Danish archeologists find 5,000-year-old map

A mysterious stone found by archeology students during a summer dig on the island of Bornholm might be a 5,000-year-old map showing the location of different fields in the nearby area.

Danish archeologists find 5,000-year-old map
The stone was found broken in two with a small piece missing. Photo: Skalk
The stone, which is no more than 5cm long on the longest side, was found by an archeology student during the excavation of a Neolithic shrine at Vasagård on the southern part of the Baltic island. 
Dr Flemming Kaul, an expert on Bronze Age iconography at the National Museum of Denmark, said that he now believes that the criss-cross pattern on the stone shows topographical detail of land on the island as it was between 2700 and 2900 BC. 
“These are not accidental scratches,” Dr Kaul told the history and archeology magazine Skalk. “Some of the lines may be reproductions of ears of corn, or plants with leaves.” 
Dr Kaul said that if the stone was indeed a map it would be “something very unique, without parallel”. Carvings on some rocks in Italy have been identified as maps but nothing similar has been found in Scandinavia. 
The patterns on previous stones found at the site appear to show the sun and the sun’s rays, and are thought to have been used in rituals. 
Like them, this stone was found broken in two.  Archeologists suspect that the stones may have been deliberately broken as part of a desacralization process at the shrine. 
According to the National Museum, the centre of the stone shows corn in well-defined fields, surrounded by fields which have been ploughed ready for sowing.  Archeologists are interpreting other marks as fences, trees, and perhaps paths. 

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Museums, art galleries and zoos reopen in Denmark

Museums and zoos began reopening in Denmark on Thursday, as the country decided to accelerate its exit from lockdown and health officials said the spread of the new coronavirus was slowing.

Visitors come to the ARoS art gallery in Aarhus, which opened on Friday after two months' closure. Photo: Bo Amstrup/Ritzau Scanpix
The original plan for Denmark was to keep museums, zoos, theatres, cinemas and similar attractions closed until June 8.
But after a deal was struck in the country's parliament late Wednesday they were instead allowed to open immediately.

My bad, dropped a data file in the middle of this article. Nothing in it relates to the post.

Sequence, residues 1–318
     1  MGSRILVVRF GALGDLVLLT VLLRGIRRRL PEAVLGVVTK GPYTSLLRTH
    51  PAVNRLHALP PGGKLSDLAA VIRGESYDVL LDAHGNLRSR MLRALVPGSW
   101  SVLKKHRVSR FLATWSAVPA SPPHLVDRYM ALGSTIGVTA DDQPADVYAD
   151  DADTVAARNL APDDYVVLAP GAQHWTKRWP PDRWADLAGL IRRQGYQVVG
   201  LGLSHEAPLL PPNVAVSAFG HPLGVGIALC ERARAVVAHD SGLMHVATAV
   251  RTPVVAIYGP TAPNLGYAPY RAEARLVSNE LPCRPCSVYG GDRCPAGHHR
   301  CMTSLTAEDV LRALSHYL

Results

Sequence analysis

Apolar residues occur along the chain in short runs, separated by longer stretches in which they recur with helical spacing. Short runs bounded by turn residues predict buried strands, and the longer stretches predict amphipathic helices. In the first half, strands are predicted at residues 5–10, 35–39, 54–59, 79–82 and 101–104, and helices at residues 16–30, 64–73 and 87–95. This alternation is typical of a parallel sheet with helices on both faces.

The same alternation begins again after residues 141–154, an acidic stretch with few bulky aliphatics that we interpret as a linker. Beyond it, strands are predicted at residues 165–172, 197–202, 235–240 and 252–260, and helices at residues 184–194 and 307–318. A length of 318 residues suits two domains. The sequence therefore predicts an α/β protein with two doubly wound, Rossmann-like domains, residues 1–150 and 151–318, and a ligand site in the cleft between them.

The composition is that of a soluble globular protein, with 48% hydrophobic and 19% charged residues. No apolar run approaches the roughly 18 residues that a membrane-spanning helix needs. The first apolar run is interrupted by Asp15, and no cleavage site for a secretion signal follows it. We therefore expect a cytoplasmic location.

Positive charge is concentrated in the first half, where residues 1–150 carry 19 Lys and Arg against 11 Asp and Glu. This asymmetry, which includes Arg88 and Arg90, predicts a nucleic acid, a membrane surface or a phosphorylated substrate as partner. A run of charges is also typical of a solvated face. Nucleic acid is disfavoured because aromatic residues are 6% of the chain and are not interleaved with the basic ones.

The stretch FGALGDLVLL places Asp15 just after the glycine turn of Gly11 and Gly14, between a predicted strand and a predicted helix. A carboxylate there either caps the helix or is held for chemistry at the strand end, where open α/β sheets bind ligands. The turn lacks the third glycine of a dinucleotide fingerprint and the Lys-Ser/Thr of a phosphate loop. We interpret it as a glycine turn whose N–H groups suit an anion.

“It was pure cheer. Finally, we can get started,” Peter Kjargaard, director of the Natural History Museum of Denmark, told broadcaster DR.
Kjargaard added that he was excited to show off the museum's new dinosaur exhibit, even if it wouldn't be ready for another month.
But not all museums reopened their doors on Thursday. Some said they would start receiving customers over the weekend or next week.
Under the deal agreed in parliament, the Danish border remains temporarily closed, but starting next week the list of exceptions allowing travel to Denmark will be expanded to include permanent residents of all the Nordic
countries and Germany wanting to visit relatives, loved ones, or homes they own in Denmark.
High school students will also begin returning to classrooms shortly.
Also on Wednesday, the Danish health agency SSI, which operates under the health ministry and is responsible for the surveillance of infectious diseases, released a report indicating the spread of the disease seems to be slowing, even as the country had started opening up.
SSI said that as of May 18 the infection rate, or reproduction rate, was estimated at 0.6, compared to 0.7 on May 7.
A reproduction rate of 1.0 means that one person with COVID-19 infects on average just one other, while a rate of below 1.0 indicates that the spread is declining.
On April 15, the country started reopening pre-schools and resuming classes for the youngest primary school children — under strict social distancing and hygiene guidelines.
Danish middle schools followed suit this week.
Another report this week by SSI, however showed that only one percent of Danes carried antibodies for the virus, raising concerns that the country could be vulnerable to a new wave of the virus.